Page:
Your eyes are burning. You can’t stop sneezing or wheezing. That tickle in the back of your throat prompts continual coughing and you’re at your wit’s end. The problem? You’re not sick and there’s no visible source of your distress.
If this sounds at all familiar, there’s a pretty good chance you’re dealing with a covert villain within the confines of your home: airborne pollution.
But if you aren’t familiar with types of indoor air pollution or where they come from, don’t worry! We’re here to clear the air regarding three major indoor air pollutants you may be exposed to, as identified by the Environmental Protection Agency (EPA).
#1 – Biological Pollutants
Biological pollutants are airborne contaminants that are both generated and spread by plants, animals, people, and other living organisms.
Specifically, the most common biological pollutants are:
- Viruses and bacteria
- And more
“By controlling the relative humidity level in a home, the growth of some sources of biologicals can be minimized,” the EPA explains. “Standing water, water-damaged materials or wet surfaces also serve as a breeding ground for molds, mildews, bacteria and insects.”
Some biological pollutants — like pollen — may trigger allergic reactions or exacerbate upper respiratory conditions in certain individuals, such as those with asthma.
Other contaminants, however, may sometimes prove more hazardous, such as mold exposure.
#2 – Chemical Pollutants
Chemical pollutants are more common in the air of both commercial and residential properties than some may realize. After all, it is the items that are found within a given space that may emit such dangerous gases.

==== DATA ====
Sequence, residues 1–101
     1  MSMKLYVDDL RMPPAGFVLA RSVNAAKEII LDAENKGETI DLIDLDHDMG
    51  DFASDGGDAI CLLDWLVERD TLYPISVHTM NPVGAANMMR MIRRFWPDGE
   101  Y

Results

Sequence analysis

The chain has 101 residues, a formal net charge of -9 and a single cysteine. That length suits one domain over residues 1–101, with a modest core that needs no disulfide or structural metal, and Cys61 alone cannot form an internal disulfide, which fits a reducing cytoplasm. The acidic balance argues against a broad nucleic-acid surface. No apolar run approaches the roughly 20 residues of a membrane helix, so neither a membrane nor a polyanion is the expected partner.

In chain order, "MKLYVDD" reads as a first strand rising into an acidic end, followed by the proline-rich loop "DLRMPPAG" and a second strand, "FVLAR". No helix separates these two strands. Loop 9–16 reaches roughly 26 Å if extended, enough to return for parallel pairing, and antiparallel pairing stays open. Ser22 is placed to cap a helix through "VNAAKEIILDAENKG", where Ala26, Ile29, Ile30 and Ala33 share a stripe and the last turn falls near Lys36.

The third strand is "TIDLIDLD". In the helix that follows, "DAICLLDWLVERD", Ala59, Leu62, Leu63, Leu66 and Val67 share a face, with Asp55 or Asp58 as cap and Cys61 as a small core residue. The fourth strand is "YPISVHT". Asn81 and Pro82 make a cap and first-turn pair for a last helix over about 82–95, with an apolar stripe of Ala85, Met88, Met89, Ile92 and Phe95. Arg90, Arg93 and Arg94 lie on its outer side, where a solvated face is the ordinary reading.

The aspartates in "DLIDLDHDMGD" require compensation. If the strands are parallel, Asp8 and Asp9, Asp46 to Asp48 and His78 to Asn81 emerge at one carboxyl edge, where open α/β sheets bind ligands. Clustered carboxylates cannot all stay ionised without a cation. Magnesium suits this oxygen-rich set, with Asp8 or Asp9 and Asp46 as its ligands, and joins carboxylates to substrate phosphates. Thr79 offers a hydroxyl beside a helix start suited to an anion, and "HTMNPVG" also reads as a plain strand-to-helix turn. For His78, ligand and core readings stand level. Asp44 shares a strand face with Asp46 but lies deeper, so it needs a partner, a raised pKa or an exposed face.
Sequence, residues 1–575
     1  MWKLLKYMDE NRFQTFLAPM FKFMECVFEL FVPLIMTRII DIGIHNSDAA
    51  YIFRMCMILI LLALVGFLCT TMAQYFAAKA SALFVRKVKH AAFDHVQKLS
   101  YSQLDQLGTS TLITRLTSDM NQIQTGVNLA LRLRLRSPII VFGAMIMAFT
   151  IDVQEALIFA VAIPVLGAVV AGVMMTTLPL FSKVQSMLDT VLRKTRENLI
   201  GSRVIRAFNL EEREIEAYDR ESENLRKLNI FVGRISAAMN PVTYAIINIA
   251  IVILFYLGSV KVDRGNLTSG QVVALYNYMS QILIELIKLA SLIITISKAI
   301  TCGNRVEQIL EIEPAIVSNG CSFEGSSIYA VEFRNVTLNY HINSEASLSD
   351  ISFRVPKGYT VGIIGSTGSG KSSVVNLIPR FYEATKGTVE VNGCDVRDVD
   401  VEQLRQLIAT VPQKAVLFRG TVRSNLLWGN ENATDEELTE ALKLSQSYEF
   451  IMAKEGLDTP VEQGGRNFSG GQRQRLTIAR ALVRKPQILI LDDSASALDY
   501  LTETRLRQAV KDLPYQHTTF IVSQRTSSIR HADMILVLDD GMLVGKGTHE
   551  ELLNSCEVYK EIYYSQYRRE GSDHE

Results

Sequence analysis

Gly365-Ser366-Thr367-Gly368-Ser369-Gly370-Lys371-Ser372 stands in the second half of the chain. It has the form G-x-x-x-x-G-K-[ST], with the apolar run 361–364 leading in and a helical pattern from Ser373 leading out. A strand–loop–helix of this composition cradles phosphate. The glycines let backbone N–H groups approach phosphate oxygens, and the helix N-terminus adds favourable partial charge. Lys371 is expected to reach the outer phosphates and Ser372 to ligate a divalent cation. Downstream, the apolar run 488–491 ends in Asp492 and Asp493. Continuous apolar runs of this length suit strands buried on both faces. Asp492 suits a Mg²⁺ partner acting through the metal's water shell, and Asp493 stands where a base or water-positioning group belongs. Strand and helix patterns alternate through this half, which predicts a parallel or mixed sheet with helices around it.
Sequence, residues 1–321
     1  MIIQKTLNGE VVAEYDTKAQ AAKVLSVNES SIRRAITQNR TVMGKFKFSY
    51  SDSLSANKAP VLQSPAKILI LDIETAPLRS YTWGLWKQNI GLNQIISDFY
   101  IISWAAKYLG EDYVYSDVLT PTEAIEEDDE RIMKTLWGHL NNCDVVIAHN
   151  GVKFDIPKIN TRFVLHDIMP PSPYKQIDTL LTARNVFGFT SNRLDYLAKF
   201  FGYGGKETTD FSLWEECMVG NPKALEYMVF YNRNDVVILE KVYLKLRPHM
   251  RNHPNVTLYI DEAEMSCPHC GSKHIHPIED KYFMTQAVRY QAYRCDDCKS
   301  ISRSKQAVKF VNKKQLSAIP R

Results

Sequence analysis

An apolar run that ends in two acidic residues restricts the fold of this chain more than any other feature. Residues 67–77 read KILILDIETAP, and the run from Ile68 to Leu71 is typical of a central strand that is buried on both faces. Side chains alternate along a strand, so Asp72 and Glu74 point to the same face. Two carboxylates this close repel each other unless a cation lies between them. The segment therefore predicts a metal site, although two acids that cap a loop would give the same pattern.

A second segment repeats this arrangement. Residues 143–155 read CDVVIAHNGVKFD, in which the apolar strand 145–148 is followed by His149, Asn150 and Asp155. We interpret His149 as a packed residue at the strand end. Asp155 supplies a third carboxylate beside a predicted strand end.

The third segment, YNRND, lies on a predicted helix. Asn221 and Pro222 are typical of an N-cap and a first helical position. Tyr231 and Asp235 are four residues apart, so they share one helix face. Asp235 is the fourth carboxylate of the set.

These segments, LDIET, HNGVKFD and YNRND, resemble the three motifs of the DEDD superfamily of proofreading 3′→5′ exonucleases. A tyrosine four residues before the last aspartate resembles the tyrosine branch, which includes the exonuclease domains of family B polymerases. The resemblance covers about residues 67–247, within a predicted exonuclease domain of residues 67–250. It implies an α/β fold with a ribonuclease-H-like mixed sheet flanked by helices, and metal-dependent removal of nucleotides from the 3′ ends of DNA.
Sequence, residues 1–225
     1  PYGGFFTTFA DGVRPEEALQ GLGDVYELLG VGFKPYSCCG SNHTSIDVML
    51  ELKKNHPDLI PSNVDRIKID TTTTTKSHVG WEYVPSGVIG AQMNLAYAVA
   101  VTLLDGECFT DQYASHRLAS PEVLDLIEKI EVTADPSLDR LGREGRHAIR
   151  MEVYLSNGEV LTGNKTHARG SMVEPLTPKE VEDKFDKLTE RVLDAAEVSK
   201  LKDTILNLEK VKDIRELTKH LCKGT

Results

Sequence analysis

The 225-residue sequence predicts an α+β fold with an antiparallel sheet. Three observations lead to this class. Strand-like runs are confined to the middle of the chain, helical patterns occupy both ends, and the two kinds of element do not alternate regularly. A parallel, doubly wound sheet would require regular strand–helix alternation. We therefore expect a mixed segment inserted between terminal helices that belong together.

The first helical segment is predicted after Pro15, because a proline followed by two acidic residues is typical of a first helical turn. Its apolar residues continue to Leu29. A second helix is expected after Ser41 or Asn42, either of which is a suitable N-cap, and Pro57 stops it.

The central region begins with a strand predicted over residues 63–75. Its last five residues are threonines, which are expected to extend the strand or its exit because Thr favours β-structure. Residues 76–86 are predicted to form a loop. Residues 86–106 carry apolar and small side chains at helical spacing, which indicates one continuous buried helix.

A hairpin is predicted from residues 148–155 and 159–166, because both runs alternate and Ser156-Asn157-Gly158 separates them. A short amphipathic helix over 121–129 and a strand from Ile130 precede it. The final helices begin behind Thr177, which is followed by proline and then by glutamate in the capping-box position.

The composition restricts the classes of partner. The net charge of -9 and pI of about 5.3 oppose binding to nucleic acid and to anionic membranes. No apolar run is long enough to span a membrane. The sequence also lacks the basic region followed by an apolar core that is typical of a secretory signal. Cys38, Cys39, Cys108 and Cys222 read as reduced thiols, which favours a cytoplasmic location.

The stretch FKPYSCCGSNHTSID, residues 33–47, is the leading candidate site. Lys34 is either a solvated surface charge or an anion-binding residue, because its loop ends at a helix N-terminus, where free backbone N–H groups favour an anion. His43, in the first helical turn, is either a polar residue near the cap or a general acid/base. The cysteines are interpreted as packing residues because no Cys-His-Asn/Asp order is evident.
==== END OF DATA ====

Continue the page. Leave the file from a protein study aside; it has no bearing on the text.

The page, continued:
Specifically, we’re talking about volatile organic compounds (VOCs).
“VOCs include a variety of chemicals, some of which may have short- and long-term adverse health effects,” according to the EPA’s explanation on VOCs’ impact on indoor air quality. “Concentrations of many VOCs are consistently higher indoors (up to ten times higher) than outdoors.”
Common VOC-emitting products, as listed by the Centers for Disease Control (CDC), include but are not limited to:
- Air fresheners
- Cleaning products
- Caulks and sealants
- Vinyl flooring
- And more
Some of the best methods to mitigate exposure to the aforementioned include storing these items outside of the home, ensuring they are properly secured, and/or finding safer alternatives for each product.
#3 – Combustion Pollutants
Combustion pollutants are the result of the burning process and may either make their way indoors from outside sources (like tobacco smoke, car exhaust, and general air pollution) or be generated by burning materials within the home.
Gas stoves, space heaters, dryers, and fireplaces are all major sources of combustion pollutants within the home, particularly if there is inadequate or impeded ventilation of the aforementioned appliances.
“The common fuels burned in these appliances are natural or LP gas, fuel oil, kerosene, wood, or coal,” the EPA explains. “The types and amounts of pollutants produced depend upon the type of appliance, how well the appliance is installed, maintained, and vented, and the kind of fuel it uses.”
All that being said, regardless of whether your property is contaminated by biological, chemical, or combustion pollutants, one danger remains the same: you may not be aware they are present.
But that’s why Discreet Air Quality offers top-of-the-line environmental consulting services — because your health and safety are our priority! Not only do we offer service packages that involve certified indoor air quality assessments, moisture and mold assessments, and more, but we also offer you trusted results with reliable guidance.